2. Patients and Methods
A novel surgical technique of sutureless scleral-fixated IOL implantation was performed on 27 eyes of 27 patients at the Ophthalmic Eye Institute between February 2019 and September 2020. All the surgeries were conducted by a single surgeon.
Inclusion criteria: patients had to be over 18 years old; BCVA > finger counting; patients had to have dislocated posterior or anterior chamber IOL, aphakia, and traumatic cataract with weak capsular support. Exclusion criteria: patients could not have extended glaucomatous or macular damage.
All patients provided written consent prior to surgery and the tenets of the Declaration of Helsinki were fully respected. The clinic’s ethics committee approved the study, and the approved number was 01/2019/003_OPH_Aphakia. Baseline characteristics are summarized in Table 1 (baseline characteristics). The mean follow-up was 13.6 ± 4.8 months. Twenty-one patients received at least 12 months of follow-up and the other six, six months. Eleven of them went on to receive 24 months of follow-up.
The patients underwent a full preoperative examination including best corrected visual acuity (BCVA) in Snellen decimals, which were converted to the logarithm of the minimum angle of the resolution equivalents (LogMar), refraction, slit-lamp biomicroscopy of the anterior and posterior segment, Goldmann applanation tonometry (GAT IOP mmHg), fundus examination, and endothelial cell count density (Tomey EM -3000). A follow-up was scheduled on the 1st day, and also for the1st, 3rd, 6th, 12th, and 24th months.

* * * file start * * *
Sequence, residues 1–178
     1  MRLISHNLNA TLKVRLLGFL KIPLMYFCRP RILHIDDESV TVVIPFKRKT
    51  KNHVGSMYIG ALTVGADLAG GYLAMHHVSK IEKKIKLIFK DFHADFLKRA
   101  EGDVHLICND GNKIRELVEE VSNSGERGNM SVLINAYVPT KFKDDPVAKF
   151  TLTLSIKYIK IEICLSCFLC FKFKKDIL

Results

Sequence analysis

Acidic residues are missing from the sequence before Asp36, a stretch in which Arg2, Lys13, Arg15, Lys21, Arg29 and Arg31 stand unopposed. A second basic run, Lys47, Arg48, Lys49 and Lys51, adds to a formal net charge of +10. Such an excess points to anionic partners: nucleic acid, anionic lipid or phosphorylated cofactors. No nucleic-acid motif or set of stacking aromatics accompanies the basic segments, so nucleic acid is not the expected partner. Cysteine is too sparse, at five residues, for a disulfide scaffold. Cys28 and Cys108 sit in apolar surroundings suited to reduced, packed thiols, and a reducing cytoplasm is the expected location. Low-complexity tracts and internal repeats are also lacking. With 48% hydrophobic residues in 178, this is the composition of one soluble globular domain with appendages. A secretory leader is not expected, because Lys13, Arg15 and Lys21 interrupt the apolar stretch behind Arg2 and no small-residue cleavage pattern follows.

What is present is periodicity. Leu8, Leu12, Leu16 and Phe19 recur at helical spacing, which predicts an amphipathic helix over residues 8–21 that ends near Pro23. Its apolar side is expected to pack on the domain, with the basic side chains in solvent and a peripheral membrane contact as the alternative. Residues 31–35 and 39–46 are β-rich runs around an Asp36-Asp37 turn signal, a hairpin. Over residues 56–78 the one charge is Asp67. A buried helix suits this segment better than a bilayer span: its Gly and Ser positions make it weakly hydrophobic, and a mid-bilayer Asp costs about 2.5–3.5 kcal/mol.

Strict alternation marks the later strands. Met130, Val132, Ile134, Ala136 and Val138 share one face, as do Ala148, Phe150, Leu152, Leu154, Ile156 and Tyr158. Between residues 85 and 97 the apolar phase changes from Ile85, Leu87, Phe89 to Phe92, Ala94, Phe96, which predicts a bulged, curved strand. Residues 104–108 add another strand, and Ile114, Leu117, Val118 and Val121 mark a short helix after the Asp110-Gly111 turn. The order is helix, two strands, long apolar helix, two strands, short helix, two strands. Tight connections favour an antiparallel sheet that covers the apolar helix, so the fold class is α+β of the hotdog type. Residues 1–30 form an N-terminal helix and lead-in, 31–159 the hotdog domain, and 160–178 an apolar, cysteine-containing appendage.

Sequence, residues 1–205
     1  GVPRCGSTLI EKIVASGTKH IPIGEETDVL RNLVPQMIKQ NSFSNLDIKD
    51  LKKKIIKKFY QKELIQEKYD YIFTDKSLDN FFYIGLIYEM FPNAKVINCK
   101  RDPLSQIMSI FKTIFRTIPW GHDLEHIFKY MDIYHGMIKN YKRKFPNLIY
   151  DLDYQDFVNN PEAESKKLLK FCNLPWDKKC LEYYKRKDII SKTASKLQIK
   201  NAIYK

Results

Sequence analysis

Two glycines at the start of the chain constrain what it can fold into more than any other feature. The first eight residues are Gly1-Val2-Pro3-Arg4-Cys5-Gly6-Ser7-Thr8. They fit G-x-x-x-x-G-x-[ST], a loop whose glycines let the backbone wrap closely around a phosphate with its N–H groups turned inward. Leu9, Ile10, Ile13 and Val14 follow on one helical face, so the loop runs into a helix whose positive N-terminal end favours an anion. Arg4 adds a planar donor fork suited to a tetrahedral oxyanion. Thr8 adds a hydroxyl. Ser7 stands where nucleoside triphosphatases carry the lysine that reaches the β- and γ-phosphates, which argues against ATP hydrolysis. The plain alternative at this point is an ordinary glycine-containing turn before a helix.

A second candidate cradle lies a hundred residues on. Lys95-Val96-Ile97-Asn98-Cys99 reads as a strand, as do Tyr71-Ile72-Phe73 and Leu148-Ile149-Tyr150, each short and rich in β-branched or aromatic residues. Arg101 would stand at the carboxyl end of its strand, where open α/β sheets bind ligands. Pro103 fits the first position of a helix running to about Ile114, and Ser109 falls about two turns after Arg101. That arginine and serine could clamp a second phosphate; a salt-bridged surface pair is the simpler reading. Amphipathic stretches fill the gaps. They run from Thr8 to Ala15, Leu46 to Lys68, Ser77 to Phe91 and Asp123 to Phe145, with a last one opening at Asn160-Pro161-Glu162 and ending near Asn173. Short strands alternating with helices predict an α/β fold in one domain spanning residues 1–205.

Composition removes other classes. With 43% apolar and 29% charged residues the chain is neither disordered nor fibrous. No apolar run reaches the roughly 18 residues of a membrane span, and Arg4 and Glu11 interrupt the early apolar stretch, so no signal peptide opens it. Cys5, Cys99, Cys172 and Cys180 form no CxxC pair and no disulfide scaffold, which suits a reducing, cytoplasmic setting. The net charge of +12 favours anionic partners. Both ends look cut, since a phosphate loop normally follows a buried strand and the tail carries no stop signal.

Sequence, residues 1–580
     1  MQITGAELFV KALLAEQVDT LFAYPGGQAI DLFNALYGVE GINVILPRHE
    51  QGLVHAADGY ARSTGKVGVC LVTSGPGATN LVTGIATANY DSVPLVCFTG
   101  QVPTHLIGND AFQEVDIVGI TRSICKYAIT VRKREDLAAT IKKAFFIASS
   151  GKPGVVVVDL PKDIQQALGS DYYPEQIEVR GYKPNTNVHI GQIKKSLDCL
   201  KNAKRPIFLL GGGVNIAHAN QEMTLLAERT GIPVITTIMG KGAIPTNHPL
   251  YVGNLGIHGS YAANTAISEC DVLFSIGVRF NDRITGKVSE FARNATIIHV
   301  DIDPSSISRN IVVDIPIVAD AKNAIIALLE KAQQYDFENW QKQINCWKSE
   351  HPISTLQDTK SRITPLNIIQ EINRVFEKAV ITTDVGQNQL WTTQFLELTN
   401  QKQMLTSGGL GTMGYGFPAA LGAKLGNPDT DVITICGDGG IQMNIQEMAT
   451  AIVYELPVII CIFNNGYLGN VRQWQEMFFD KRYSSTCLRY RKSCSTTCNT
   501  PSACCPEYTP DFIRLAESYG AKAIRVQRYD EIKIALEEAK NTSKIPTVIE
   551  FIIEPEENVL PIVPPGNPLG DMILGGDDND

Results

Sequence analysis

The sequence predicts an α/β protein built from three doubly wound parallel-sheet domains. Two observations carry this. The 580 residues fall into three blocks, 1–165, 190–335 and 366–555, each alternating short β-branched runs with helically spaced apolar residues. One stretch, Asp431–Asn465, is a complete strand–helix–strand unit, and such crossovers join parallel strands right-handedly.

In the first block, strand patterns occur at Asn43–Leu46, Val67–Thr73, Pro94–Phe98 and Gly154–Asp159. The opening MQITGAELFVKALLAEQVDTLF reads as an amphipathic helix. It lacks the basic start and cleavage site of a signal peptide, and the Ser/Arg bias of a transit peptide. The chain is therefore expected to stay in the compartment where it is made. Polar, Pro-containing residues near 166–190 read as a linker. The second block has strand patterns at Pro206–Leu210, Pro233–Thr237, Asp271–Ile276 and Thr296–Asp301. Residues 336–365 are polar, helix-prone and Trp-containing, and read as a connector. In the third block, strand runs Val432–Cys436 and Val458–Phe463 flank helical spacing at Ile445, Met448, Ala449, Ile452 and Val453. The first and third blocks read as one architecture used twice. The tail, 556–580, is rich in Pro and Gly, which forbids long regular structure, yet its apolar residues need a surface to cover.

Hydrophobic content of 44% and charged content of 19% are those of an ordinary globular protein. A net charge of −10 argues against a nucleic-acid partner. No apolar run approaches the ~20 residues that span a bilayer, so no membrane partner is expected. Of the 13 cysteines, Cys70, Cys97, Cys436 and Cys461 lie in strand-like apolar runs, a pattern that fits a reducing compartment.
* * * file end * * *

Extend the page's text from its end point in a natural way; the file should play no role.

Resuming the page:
During the follow-up, BCVA, GAT-IOP, and intra or postoperative complications were noted and evaluated. Refraction was also evaluated as spherical equivalent (SE) for the 1st and 6th months and compared to the baseline values. The IOL power was calculated using optical biometry (Lenstar, Haag-Streit). Whenever optical biometry was not possible, a standard conventional A-Scan biometry was employed to measure the axial length (AL mm), which was then fed into Lenstar to calculate the IOL power. All IOLs were calculated with the SRK-T, Barret universal, and Haigis formula.
Hypotony was defined when IOP was less or equal to 5 mmHg, while transient ocular hypertension was defined when IOP was equal to or more than 22 mmHg at any visit.
When pars plana vitrectomy (PPV) was employed (8 eyes), the data were analyzed and reported separately.